However, Hinduism (a semiticalised version of Sanatan Dharma) has nearly 33 crore (330 million) Gods (I have explained this number of Gods in many articles. So I am not buying any arguments from apologetic Hindus claiming ‘kodi’ (crore) means ‘type’ – it is NOT). There are males, females, third gender and almost all sorts of animals among Hindu Gods. You can choose whichever you want.
A Hindu believes that all deities are manifestation of the Brahmam. Since Brahmam cannot be explained, we try to see it through these deities. Brahmam doesn’t need your worship, prayer or anything. But for the sake of our mental satisfaction and to overcome fear and insecurities in life, we worship those deities.
In Bhagavatham (Sapthama Skandham), Prahlaada explains about Hari or Chakri (the forms of God referred to by Prahlaada):-
“Chakri is there in: sea, air, sky, earth, in broad day light, in darkness of nights, in all directions, in stars, planets and moons, in Omkaaram (the sound om), in all the three moorthis (Brahma, Vishnu & Maheswara) and in all the three persons belonging to all the three genders, namely- males, females, eunuchs too -then, why search for an exclusive place to find the presence of God?”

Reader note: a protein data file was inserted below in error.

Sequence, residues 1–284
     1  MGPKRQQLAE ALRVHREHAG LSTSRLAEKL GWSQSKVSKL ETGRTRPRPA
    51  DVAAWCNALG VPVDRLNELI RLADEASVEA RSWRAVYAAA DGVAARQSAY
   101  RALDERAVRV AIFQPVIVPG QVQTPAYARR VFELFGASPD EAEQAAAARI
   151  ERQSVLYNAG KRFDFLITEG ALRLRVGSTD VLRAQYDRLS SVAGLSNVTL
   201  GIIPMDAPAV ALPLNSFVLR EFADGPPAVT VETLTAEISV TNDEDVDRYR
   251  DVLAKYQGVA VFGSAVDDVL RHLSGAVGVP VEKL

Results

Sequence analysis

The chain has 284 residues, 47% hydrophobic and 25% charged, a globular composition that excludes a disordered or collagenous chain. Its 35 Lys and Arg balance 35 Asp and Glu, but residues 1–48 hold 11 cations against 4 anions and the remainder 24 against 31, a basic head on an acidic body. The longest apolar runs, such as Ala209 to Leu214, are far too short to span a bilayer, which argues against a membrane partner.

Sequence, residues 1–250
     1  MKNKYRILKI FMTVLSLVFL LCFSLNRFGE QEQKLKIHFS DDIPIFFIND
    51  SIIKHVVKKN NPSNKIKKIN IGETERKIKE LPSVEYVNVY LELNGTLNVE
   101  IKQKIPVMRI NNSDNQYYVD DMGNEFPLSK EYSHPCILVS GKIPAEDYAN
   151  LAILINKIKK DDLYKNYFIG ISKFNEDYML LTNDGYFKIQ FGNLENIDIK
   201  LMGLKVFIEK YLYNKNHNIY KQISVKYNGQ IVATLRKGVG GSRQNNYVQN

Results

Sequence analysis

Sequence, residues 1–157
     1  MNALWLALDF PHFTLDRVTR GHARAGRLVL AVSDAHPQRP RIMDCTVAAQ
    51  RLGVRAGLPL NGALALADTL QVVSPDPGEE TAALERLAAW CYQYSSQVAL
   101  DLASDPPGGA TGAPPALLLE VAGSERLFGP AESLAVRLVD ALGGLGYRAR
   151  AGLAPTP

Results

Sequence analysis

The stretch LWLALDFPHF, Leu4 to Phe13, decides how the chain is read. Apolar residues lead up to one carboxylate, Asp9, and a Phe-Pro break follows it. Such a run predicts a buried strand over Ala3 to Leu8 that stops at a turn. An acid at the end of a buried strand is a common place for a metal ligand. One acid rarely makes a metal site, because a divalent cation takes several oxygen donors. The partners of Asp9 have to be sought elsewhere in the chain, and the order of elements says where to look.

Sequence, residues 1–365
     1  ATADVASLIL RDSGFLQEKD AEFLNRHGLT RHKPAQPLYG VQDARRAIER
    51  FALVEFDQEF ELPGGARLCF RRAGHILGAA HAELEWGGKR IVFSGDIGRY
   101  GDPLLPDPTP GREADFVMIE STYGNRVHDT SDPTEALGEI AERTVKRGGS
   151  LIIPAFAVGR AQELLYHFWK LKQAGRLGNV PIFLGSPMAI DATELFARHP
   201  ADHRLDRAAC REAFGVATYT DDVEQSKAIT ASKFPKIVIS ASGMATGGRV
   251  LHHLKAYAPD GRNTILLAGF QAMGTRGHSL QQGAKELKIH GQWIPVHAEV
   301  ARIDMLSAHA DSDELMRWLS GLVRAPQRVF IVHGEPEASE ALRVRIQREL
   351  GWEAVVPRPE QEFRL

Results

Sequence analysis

Clearly, it doesn’t indicate anything about gender of God. So, there is no gender ascribed to God. All genders belong to Hari.
When it comes to hardcore believers in Hinduism, each masculine deva of the Hindu pantheon is partnered with a feminine Devi.
There are few sects in Hinduism like Vaishnavism and Shaivism God is personified as male which says God is masculine. There are sects like Shakti tradition which conceive God as a female.
Interestingly, there has been few studies and research in the West to bring out the concept of God in common man. Most of the participants do describe god to be male, not only denoted by “He” but also represented as an old man with a full flowing white beard.
The participants said that god is wise and hence, the age reflects in white hair, due to the unconscious assumption that age signifies wisdom. And coming to the full flowing beard, god is to be feared, and that full beard adds toughness to the image. Those surveys are mostly done among followers of Abrahamic religions.
Personally, I follow and worship tri-system (village, clan and favorite) of God that has roots in Hindu Dharma – we have a village deity who is neither a man, woman or third gender. It is half human and half animal – Narasimha.
We also have a clan deity (Gotra Devatha or Kula Devatha) which is Mahalasa Narayani. It’s a female name.
I have a list of favorite deities that I worship – Krishna (male), Durga (female), Hanuman (monkey), Shivaling (rock), Ganga (river) etc. In short, since I am a Hindu I have the freedom to select any God or Goddess to worship. Even if I don’t worship any God, no issues at all. This is the privilege that I have being a Hindu.
When we understand we are part of the cosmos and we are all connected, the gender issue will disappear like all other discrimination and we will move towards a higher dimension. So let’s don’t mix up the beliefs with the ultimate reality.